It’s essential to note that American Suburb also tells some undeniably agonizing stories. The tale of an Islamic Center being burned to the ground and the resulting community’s debate on whether or not to remain in Antioch resonates with current tensions around religious groups in the age of travel bans. The chapter covering a homeless enclave highlights the difficult juxtaposition of a semi-idyllic, white picket fence Americana with utter destitution. But the show is also quick to credit people with a hard-won agency to enact positive change in their community. While tragedy is inherent to the overall narrative, these people aren’t a mass of faceless victimhood. In ‘How to Change Your Mind,’ we hear about a community leader named Iris Archuleta who proudly proclaims her affinity for Antioch despite having grown up in San Francisco’s Haight-Ashbury neighborhood. ‘Rabbit Hole’ champions the modern folk hero qualities of Doug Stewart, a resident who literally rescues the homeless and even invites them into his home.

KQED is a public entity based out of one of the most famously liberal cities in the country. Given this context in which American Suburb is produced, the narrative balance could have slipped into fiercely politicized grand-standing. But the reportage captures a wide enough variety of voices to refrain from such pointed cajoling, and the resulting tone of the series is equitable and forthright. Katayama and Dirks don’t inject their voices into the story all that often, a credit to the professionalism so clearly on display in the series. The hero is the story, the oft-pursued and less oft-realized goal of public media. With the successful merger of form and intent, the series has the power to reach people earnestly seeking to learn about the ripple effects of our shifting urban landscape.

Much like Invisibilia or Hidden Brain, American Suburb takes a closer look at forces that are as evasive as they are integral to the human experience. While the show is rooted in the style of so many intrepid public radio-type documentaries, it’s a new take on an important and constantly evolving part of civic life. Entertaining and deeply human, any listener who has ever relocated to a new community (whatever the size) will find resonance in at least a few chapters of this well-hewn work of audio journalism. American Suburb would have advanced the form by mere virtue of adding a new angle to a familiar if lightly trod subject in the realm of podcasts. This relatively epic endeavor told a story that could impact debates on the far-reaching decisions that push people out of their homes. The podcast speaks to local media’s unique ability to tell intensely regional stories that can also appeal to outsiders.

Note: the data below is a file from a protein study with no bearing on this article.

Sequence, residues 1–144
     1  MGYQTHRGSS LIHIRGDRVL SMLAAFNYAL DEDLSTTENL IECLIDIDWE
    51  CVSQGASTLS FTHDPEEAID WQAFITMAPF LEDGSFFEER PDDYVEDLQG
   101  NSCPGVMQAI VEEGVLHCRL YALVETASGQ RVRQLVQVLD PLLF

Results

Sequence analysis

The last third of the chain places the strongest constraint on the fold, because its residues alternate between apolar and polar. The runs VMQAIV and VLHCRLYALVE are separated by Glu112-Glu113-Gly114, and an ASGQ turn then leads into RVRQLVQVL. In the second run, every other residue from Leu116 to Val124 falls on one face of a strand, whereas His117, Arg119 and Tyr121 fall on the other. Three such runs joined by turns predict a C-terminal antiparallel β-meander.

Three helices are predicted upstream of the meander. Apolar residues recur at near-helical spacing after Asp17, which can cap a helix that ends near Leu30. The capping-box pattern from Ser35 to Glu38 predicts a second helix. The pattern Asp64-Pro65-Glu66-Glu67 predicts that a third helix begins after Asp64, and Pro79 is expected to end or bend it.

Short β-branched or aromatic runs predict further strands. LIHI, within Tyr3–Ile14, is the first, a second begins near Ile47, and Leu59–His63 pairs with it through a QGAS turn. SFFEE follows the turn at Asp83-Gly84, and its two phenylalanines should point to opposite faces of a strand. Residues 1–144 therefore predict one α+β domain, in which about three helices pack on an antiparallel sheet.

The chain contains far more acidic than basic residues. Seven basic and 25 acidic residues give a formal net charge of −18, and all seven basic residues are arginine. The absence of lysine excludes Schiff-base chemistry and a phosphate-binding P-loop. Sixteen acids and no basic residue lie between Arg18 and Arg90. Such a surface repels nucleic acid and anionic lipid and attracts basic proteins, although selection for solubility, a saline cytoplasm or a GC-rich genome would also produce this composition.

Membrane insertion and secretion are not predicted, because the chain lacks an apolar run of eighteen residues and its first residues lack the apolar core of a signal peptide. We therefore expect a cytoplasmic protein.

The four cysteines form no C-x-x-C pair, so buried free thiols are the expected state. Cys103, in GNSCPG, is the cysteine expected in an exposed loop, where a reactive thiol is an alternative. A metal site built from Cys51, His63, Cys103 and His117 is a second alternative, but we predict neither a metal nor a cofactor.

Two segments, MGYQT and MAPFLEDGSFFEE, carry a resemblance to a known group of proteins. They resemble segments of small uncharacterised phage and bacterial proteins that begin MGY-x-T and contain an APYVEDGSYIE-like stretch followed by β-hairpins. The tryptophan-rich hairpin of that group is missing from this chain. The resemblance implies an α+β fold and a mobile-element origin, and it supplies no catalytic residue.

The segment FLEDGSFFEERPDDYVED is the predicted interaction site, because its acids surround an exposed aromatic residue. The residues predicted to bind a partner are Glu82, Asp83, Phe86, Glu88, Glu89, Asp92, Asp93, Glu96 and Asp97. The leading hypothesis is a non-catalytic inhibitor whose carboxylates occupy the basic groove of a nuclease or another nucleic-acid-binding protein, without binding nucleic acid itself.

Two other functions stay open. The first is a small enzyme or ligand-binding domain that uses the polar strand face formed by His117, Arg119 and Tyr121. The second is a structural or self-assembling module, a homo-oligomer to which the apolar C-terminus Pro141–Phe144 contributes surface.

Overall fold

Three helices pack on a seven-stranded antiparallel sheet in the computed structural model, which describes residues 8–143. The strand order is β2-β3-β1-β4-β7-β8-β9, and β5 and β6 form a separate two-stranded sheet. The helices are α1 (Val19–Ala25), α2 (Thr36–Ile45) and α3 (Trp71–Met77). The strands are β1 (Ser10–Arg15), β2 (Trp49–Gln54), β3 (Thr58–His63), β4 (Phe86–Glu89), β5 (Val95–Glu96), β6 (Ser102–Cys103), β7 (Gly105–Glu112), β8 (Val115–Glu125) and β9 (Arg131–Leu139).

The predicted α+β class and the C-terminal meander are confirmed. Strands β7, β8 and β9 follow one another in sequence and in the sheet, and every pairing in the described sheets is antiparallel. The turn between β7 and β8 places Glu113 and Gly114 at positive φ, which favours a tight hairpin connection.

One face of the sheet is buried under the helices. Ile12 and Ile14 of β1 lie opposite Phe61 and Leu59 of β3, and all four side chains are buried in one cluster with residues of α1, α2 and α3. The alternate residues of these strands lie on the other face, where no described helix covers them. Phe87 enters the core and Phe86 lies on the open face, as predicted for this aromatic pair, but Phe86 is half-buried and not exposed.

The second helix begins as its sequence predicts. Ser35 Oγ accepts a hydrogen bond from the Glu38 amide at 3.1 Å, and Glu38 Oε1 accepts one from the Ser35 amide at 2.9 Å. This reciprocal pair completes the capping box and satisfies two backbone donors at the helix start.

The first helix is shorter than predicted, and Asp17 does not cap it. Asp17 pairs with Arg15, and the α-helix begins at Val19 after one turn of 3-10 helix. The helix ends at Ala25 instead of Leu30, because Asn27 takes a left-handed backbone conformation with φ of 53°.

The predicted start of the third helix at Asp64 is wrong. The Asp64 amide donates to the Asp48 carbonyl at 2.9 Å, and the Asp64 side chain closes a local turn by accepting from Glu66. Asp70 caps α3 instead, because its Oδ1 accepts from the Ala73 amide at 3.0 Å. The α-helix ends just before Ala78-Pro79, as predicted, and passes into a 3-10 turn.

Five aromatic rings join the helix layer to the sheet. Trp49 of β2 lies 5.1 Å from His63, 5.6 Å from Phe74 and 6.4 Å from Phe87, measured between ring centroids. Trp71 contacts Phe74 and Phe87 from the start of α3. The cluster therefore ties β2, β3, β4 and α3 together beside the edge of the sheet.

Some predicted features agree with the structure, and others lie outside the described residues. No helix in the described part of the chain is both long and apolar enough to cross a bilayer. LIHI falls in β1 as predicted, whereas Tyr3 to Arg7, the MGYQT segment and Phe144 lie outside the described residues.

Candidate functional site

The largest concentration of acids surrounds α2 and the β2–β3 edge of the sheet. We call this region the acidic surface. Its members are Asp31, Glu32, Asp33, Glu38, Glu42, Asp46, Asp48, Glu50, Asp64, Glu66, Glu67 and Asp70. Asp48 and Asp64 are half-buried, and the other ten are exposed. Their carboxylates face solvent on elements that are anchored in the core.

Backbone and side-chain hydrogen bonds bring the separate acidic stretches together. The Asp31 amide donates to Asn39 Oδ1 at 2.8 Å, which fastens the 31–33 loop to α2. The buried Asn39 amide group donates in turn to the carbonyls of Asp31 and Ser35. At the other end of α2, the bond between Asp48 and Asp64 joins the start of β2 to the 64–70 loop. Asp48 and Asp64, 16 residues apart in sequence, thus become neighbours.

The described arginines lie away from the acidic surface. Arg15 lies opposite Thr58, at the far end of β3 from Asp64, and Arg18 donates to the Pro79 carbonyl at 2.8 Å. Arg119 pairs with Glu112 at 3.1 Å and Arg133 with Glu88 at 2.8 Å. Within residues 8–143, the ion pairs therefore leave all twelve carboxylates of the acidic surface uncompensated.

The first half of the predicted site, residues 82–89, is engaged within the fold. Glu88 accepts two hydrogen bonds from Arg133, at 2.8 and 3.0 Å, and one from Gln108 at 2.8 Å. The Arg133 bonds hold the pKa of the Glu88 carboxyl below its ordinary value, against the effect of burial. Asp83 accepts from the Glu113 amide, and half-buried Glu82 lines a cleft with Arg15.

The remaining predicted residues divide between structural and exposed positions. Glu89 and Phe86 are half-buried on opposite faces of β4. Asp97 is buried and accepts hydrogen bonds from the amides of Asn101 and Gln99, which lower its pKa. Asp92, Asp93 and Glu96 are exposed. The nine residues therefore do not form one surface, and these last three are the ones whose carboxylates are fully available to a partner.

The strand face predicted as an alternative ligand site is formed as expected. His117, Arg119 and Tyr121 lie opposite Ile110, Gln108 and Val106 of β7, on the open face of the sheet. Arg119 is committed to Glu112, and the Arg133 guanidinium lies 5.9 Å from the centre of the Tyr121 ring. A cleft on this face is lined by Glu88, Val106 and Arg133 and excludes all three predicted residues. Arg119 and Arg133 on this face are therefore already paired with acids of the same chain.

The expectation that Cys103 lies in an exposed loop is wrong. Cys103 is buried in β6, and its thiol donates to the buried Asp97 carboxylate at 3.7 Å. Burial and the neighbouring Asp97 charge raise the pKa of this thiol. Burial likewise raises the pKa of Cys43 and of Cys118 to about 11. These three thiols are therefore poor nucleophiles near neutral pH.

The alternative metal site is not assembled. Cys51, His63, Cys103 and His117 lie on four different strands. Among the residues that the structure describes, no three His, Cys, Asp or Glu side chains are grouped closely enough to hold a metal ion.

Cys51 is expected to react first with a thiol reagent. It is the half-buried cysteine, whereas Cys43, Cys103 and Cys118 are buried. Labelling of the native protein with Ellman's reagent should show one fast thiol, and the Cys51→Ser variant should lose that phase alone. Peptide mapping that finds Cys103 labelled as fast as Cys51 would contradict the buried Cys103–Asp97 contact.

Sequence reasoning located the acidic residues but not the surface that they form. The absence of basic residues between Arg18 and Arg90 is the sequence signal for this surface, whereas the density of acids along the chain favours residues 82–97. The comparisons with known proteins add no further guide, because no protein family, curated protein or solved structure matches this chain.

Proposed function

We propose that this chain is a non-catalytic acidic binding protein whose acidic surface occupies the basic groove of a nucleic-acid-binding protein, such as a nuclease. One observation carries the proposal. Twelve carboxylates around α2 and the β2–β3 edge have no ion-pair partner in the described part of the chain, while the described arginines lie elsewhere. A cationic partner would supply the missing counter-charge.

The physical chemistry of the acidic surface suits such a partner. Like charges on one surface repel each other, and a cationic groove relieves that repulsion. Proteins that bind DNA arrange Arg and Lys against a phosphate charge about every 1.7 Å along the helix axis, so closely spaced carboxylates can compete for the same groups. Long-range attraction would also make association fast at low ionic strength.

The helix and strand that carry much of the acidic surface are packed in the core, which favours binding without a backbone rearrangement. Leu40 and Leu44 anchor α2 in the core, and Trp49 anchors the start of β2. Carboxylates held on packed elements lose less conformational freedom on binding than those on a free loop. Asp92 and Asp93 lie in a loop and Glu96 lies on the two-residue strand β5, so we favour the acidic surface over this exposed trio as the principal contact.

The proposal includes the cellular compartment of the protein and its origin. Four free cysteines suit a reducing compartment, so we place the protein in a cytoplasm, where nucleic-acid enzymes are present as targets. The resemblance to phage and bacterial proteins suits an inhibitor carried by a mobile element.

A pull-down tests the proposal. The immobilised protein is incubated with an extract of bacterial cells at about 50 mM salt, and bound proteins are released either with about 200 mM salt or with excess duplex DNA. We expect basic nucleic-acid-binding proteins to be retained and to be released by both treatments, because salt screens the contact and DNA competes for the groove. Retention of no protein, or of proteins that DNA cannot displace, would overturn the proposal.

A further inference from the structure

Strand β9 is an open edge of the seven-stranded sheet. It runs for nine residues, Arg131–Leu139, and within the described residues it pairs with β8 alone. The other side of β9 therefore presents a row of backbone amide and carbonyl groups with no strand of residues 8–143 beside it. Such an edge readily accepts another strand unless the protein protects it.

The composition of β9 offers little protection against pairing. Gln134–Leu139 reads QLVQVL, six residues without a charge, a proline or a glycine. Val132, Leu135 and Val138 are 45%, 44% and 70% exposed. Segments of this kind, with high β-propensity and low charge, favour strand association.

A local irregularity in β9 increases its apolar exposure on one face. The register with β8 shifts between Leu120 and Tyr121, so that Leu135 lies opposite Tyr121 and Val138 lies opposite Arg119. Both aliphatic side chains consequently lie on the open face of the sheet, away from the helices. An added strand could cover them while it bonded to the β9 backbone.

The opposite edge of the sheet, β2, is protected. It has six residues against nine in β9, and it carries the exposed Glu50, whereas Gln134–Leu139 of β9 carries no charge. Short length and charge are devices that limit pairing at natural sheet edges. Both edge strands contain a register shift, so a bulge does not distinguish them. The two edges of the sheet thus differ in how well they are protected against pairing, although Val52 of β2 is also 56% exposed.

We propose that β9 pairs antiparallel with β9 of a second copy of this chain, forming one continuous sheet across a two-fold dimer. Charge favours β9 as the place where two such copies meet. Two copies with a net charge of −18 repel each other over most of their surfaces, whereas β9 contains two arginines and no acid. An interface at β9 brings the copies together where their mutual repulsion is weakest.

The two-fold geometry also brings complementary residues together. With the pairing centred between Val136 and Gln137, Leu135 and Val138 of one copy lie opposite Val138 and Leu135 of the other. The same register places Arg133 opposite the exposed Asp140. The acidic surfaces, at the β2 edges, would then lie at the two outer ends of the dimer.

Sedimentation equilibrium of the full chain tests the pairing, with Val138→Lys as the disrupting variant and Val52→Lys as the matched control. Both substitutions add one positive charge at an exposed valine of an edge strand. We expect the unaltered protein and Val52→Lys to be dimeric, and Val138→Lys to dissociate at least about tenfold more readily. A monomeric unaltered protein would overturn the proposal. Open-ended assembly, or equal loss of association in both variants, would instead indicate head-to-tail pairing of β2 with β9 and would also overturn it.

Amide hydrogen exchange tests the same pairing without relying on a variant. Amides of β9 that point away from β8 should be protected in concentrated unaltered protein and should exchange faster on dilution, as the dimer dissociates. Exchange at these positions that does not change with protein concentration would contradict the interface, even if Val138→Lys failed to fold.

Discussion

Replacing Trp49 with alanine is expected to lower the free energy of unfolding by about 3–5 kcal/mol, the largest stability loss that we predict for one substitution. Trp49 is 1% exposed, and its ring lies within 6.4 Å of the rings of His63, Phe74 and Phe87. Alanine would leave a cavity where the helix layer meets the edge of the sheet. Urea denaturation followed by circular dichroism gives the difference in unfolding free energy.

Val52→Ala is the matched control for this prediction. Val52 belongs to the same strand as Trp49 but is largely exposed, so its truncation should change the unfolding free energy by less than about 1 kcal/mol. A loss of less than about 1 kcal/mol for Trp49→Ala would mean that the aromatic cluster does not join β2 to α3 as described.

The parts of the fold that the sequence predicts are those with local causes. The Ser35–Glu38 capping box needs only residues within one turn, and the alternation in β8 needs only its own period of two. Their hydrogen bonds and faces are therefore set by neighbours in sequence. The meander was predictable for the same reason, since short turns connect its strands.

Antioch is a story unto itself, but the challenges and triumphs found within American Suburb could undoubtedly map onto countless other suburban communities. Whether or not other stations take up the charge and follow suit will remain to be seen. But KQED’s look into the aftermath of urbanization serves as an adept model ripe for future adaptation.


Aaron Yost has been listening to podcasts since the dawn of the iPod, and writing about them since 2016. You can read his weekly newsletter/blog at